Group-Based Online Education
The Online computer–based educational delivery system has extended the boundaries of the classroom. It is an outgrowth of the University’s recognition of the technological transformation of the workplace. The Online program utilizes the Online Learning System (OLS) that makes group learning possible independent of time and location. Rather than gathering in a classroom, students and instructors interact electronically and asynchronously. Unlike other forms of distance learning, such as directed study, online education is interactive and participative. Online students can complete their University studies from virtually anywhere in the world.
Structure
Students in the group-based Online program benefit from the same quality, real world-oriented education that as distinguished the University of Phoenix since it was founded. Students become active members of a learning group of between 7-20 adult learners, and work in smaller learning teams each week on required projects and assignments. Students complete one course at a time, then move on to the next course in the same way as students who meet face–to–face.
Process
When students are admitted to the program, they are provided with all the information needed to connect to the Online Learning System. Prior to the start of the first class, students become familiar with the system through an Online orientation. At this time, group members will become acquainted through an exchange of professional and academic backgrounds. Additionally, students will be introduced to their first instructor who will explain the nature of the course and give the first assignment. Each week’s instruction begins with a general class meeting. Here, the instructor introduces all the material to be studied, gives assignments, and answers questions.
Key Features of the Group-Based Online Program
Interactive Learning
Computer conferencing exchanges are student–centered, involving dynamic and extensive sharing of ideas, opinions, and information. As a result, knowledge building occurs as students examine each other’s written arguments and positions.
In the face–to–face classroom environment the instructor often produces 60–80% of the oral exchanges. Research shows that in the online learning environment, the instructor produces only 10–15% of the verbal interactions. In this way, adult learners are much more actively involved in their own education, an element that the University of Phoenix has found to be essential to adult learning programs.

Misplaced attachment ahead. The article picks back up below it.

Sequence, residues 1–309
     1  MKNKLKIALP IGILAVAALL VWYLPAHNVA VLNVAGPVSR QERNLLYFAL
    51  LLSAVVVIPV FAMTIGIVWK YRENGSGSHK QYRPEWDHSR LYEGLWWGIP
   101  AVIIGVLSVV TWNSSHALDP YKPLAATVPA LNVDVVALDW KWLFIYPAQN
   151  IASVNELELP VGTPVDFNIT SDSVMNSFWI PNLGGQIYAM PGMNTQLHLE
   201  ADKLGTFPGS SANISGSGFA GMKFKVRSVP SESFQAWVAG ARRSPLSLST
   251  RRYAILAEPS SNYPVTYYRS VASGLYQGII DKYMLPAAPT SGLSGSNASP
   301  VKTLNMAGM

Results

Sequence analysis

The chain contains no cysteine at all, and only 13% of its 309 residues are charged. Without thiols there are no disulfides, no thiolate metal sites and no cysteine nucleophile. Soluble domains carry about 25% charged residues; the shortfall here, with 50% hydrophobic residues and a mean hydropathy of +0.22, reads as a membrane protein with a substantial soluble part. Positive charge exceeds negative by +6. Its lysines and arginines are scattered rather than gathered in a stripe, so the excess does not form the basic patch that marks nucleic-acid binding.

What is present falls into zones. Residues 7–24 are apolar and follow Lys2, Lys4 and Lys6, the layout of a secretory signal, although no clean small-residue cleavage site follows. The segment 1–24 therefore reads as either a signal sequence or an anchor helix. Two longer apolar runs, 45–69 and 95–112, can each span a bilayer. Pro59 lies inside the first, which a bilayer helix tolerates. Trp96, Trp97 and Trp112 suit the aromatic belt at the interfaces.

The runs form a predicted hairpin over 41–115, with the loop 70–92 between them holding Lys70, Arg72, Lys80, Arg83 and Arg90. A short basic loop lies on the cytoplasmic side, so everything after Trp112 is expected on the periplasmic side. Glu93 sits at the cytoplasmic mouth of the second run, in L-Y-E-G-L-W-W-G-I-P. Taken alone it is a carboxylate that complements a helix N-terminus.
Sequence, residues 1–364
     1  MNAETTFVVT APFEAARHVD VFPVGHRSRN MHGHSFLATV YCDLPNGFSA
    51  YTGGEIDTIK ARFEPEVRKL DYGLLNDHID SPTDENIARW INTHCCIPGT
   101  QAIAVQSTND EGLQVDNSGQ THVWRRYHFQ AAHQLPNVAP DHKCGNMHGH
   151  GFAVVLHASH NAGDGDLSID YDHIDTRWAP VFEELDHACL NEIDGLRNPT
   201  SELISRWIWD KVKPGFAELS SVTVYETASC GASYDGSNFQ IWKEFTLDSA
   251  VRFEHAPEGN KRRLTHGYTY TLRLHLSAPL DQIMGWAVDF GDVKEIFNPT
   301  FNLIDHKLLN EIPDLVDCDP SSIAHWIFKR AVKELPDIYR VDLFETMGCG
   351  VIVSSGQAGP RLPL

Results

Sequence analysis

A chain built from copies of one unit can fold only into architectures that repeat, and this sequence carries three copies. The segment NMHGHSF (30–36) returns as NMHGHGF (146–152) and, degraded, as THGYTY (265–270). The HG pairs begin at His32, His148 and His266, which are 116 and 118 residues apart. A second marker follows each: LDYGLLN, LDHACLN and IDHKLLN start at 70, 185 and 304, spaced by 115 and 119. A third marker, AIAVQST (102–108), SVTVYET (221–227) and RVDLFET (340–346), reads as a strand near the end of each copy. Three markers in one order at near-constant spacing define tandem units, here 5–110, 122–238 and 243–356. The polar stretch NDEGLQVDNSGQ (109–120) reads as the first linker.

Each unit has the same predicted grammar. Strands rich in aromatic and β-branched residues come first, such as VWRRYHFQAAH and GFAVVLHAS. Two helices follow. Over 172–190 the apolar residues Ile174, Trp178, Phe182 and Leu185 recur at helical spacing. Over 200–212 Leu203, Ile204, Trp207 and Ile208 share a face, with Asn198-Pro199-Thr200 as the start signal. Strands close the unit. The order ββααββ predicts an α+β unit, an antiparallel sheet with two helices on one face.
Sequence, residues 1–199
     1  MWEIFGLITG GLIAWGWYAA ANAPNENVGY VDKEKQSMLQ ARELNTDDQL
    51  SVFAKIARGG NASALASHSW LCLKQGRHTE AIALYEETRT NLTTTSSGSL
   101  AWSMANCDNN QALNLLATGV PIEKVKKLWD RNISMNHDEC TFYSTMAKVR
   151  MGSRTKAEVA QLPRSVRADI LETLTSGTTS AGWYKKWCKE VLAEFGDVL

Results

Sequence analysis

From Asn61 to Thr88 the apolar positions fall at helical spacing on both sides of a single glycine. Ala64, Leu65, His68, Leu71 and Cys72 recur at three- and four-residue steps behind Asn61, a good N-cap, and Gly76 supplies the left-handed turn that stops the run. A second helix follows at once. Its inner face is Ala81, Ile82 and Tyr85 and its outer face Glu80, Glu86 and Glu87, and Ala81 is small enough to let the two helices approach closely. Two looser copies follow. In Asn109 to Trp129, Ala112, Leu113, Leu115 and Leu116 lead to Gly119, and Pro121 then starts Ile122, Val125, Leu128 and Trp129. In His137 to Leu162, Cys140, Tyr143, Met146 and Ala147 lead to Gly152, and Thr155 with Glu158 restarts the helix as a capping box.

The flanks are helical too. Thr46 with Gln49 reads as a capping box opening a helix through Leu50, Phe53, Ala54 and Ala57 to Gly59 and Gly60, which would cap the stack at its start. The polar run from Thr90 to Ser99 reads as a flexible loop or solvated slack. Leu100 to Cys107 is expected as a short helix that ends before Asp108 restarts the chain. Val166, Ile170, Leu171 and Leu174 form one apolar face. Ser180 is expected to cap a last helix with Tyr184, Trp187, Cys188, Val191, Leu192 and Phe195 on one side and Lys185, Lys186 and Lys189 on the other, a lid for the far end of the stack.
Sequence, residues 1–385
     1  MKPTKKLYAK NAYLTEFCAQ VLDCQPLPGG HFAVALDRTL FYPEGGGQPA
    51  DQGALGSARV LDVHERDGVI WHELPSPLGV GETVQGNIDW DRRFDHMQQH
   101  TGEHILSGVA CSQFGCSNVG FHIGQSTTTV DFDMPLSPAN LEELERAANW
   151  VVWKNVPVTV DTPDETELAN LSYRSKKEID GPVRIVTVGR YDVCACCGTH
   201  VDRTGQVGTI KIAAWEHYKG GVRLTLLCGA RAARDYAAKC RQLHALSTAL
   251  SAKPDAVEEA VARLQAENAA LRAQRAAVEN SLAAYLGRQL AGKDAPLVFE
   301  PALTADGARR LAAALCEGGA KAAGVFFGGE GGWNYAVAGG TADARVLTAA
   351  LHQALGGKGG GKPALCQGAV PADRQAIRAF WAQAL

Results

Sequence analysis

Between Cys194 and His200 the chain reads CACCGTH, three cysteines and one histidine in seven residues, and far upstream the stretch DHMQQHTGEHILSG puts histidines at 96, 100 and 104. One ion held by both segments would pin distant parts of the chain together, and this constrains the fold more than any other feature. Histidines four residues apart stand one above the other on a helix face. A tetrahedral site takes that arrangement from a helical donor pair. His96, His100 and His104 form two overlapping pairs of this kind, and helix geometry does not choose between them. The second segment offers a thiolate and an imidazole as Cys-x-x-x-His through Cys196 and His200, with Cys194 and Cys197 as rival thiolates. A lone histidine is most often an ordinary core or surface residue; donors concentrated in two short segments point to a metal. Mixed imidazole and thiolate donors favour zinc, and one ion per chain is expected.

Equitable Participation
As anyone who has attended a traditional classroom setting knows, one or two students can often dominate any class discussion, while more reserved students sit silently. In the Online setting, no one readily dominates. While some students might spend more time communicating, everyone must participate. Participation, therefore, is more equitably distributed and active for everyone, as each student has equal access to the “floor.”
Time and Place Independent
All communications in the University’s Online computer–conferencing system are asynchronous rather than real–time. While this naturally imposes some limitations, it has been found that asynchronous communications result in increased access for students since they can control the time and place for their participation. They enjoy far greater flexibility since activities need not be simultaneous. Asynchronous communication also enables both students and faculty to synthesize material at their own pace and to provide well thought out responses free of the pressure of instantaneous feedback.
OLS is available 24 hours per day, 7 days per week, enabling adult learners to choose the times when they believe they are best prepared to engage in particular learning activities and spend as long as they wish working on them. The result is that the Online adult learner has increased control and has more options than in the classroom.
(Note: There are two scheduled downtimes a month. They occur on the 1st and 3rd Saturday of each month from 11:00 p.m. to 5:00 a.m. Sunday.)
Computer Text–Based Communications
All of the Online communications are text–based, and the users (students and faculty) are able to maintain an ongoing common transcript which greatly enhances opportunities for reflective interaction. At any time they choose, students can review and reflect on the transcripts they have stored in their computers. These archives invite students to organize and reorganize the body of ideas being developed in their class.
(Note: There are two scheduled downtimes a month. They occur on the 1st and 3rd Saturday of each month from 11:00 p.m to 5:00 a.m. Sunday).
Services Provided
Through OLS, students are able to contact the Learning Resource Center to request literature searches and have them forwarded directly to their personal “inbox” on the Online Learning System.
The University staffs a technical support help desk 24 hours per day, seven days per week.
Confidentiality
The electronic computer–conferencing system shall be maintained by an employee of the University (System Operator) who is required by University policy to uphold the confidentiality of any messages she/he may review in the process of tracking overall system usage, and ensuring that the system is functioning properly. The Director of Academic Affairs, the Vice President, Executive Director/Department Chairs, and certain university administrators may review the archives of class meetings and to assist in the resolution of grade disputes, grievances, and charges of academic dishonesty, if required.
Policy on the Illegal use of OLS
The University of Phoenix retains the right to monitor the Online Learning System conferencing system, via the System Operator, in order to verify appropriateness of use.
Illegal activities are expressly prohibited and include such things as distribution of “pirated” software, distribution of unauthorized surveys, exchange of “hot” billing numbers for long distance charges, and messages that are pornographic, slanderous, or offensive by community standards.
Illegal activity will be deleted by the System Operator and the originators of such messages may be denied system access on a suspended or permanent basis.